Category Archives: Gaming experiences

Veterans, video games, and the not-so-noble dwarf

The noble dwarf (or not so noble in this case)

I was thinking last night about how I ended up writing a grant application to study suicide prevention and peer support in military service members. It has to do with a player in World of Warcraft who went by the name of Ironthurm (not his real character name) .

At the time, I had just started playing WoW and was mostly playing as a way to hang out with my sons. We ended up joining a guild called F-List, which was set up with military ranks and quasi-military expectations. We were a team; we helped and supported one another in our game tasks (leveling, dungeons, killing Horde). We worked together. We respected one another and the guild rules.

My youngest son was OK with that and was as respectful as a 10-year-old in an anonymous environment could be. Any lapses were usually do to not paying attention or not understanding the rules/expectations. My older son was an adult, so of course he was fine too.

Ironthurm  came into the picture–or maybe even invited us into the guild; I don’t remember. He was a bit of a firebrand. Very jumpy as an avatar; even jumpier than my son (meaning, compelled to keep hitting the spacebar for no reason to make his character jump). Very impulsive; no concern for aggro-ing multiple mobs and hoping everyone around him could help take care of them. Somewhat of a troll at times. Again, the memory is spotty, I just remember thinking, “Man, Ironthurm  is being a pain again.”

At some point we found out he was around 12 years old, which was a bit of an explanation. As a mom, I gave him a little slack when he was being obnoxious. It’s a game; no big deal. But our guild leader had a hard time with that.

I can’t remember the guild leader’s character’s name–something roleplayish; this was an RP/PVP server, after all. Let’s call him Sandon. He kept trying to insist that Ironthurm  behave properly, but Ironthurm  had no interest. He trolled the way a 12-year-old trolls his parents, digging away at Sandon’s last nerve, ignoring every command.

Finally, after demoting him down to Private and seeing that he was continuing to be obnoxious, Sandon went off on Ironthurm in party chat. There was a lot of cursing. Ironthurm  stopped jumping. Sandon g-kicked him.

Ironthurm ‘s feelings were hurt, but I don’t think he cared that much. I cared about an adult going off on a child, though. If you don’t like his behavior, just boot him–no need to be so mean, I thought. It didn’t make sense to me–but that’s not my parenting style in any case. I reached out to Sandon to say, Hey, what’s up? Maybe you should reconsider about Ironthurm; he’s just a kid.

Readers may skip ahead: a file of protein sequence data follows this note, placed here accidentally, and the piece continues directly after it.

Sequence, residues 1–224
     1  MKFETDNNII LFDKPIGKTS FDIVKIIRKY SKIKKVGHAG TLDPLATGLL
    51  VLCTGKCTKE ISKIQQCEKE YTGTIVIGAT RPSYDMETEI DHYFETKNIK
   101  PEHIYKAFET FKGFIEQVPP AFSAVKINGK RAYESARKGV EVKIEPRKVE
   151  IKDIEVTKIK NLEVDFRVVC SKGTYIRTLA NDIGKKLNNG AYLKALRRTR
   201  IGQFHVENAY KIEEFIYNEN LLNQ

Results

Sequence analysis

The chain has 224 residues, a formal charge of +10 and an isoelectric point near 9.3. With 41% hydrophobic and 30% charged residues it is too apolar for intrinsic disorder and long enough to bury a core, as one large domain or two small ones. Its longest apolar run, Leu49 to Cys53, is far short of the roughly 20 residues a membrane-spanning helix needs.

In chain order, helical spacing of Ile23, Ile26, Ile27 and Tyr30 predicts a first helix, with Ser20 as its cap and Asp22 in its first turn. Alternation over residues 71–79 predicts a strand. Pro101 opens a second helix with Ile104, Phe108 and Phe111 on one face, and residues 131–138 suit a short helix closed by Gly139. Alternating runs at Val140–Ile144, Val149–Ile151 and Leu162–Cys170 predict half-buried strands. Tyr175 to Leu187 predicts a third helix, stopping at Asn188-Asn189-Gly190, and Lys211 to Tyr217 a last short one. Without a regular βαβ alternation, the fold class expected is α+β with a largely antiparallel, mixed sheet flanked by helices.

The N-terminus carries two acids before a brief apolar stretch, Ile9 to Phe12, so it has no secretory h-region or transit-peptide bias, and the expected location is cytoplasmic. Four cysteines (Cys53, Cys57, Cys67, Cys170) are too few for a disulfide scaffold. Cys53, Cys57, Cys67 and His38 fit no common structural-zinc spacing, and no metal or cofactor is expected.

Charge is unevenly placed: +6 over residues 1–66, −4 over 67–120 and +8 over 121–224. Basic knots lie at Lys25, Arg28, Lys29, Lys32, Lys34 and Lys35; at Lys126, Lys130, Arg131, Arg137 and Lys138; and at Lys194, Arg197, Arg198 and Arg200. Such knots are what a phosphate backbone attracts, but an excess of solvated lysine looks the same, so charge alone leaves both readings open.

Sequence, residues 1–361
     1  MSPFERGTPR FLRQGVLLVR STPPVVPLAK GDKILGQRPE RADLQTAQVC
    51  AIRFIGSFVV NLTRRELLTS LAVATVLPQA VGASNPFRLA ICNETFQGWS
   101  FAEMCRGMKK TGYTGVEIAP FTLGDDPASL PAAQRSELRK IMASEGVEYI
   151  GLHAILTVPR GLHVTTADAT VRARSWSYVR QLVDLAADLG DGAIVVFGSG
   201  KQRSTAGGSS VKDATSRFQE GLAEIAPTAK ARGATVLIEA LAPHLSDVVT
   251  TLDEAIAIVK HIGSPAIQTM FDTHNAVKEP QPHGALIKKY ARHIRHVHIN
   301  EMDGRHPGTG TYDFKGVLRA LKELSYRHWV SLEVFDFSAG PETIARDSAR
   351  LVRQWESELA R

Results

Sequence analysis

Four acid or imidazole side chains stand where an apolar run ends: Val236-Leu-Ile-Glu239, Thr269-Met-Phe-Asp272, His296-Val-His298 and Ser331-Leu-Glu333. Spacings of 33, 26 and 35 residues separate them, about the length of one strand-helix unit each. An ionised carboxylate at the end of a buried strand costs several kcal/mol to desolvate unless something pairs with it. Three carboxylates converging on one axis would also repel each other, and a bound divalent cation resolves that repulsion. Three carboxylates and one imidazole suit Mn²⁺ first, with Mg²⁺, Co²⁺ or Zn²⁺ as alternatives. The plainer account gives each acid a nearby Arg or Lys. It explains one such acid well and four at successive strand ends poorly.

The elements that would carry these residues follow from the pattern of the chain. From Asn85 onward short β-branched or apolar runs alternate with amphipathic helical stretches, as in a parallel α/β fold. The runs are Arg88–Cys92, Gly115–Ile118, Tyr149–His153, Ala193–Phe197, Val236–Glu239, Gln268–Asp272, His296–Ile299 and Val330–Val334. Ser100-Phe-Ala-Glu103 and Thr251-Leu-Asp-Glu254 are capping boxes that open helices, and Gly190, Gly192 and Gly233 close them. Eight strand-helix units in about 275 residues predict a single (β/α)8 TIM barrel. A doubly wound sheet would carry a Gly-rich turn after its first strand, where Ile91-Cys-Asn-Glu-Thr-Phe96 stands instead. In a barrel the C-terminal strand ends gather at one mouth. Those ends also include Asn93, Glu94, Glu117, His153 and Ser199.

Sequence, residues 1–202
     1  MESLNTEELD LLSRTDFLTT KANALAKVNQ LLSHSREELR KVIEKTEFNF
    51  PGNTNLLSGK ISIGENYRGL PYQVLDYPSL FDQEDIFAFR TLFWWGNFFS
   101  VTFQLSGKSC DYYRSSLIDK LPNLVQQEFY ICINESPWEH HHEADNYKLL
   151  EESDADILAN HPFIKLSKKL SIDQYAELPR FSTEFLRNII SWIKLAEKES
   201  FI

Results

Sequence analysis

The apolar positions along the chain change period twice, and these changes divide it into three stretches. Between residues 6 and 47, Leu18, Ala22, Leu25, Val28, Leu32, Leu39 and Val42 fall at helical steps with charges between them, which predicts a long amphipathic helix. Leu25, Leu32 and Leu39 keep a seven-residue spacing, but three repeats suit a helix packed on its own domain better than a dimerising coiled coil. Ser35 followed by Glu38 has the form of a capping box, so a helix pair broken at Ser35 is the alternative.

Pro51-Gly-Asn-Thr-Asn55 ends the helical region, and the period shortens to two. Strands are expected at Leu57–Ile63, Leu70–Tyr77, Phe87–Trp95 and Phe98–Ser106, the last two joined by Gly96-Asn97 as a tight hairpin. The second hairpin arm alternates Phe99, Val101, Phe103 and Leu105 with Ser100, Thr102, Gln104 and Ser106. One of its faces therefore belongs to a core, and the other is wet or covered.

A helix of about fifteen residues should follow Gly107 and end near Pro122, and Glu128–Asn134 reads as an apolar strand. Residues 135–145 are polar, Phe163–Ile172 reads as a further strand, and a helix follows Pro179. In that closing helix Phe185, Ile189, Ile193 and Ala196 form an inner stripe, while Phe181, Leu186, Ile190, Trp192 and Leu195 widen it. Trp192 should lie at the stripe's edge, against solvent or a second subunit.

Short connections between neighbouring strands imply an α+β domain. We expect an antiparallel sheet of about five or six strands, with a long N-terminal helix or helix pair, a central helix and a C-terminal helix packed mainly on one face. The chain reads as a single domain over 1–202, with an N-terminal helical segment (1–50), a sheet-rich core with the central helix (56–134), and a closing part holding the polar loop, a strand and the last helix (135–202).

Sandon told me that he had had about enough. Whether he was a kid or not didn’t matter. He should be able to follow the rules. Sandon hung out in WoW because he was a veteran, and WoW was about the only place he felt comfortable. F-List was about having that comfort and military structure, those expectations.  He told me a little about his experiences, which were rough, and where he was now–again, not in a great place. He had enough bullshit to worry about without having a kid he played with be defiant and a pain. It didn’t fit in with what he wanted from the game, which was order, clear expectations of what he could get out of it (and what he could avoid), and fun. I tried to talk to him a little about it, but in the end we never agreed.

Sandon didn’t last long after that. Within a few weeks he was gone, but not before turning over F-List to me. We invited Ironthurm  back in, and it became a “family guild”, a haven for kids, obnoxious or otherwise. We tolerated it. I never heard from Sandon again. Ironthurm became an online friend, then one year his mother drove him and his sister down to meet the family. We’ve stayed in touch.

After one or two other experiences with hearing that a guild member was a vet with anger issues, PTSD, depression, or problems with alcohol/substance use (and of course, playing a LOT of WoW), I got really interested in how games like WoW could be useful and not so useful for military and ex-military.

I’ve made the case here before. What Sandon wanted from the game is what it has the potential to deliver; I think it’s up to those of us with the 1337 science skilz to figure out how that can best be done and what the risks are of trying to do it.

I was thinking about this last night because I’m writing this huge grant, and I needed to get military advisors. Guess who is one of those?

SPC “Ironthurm “, US Army.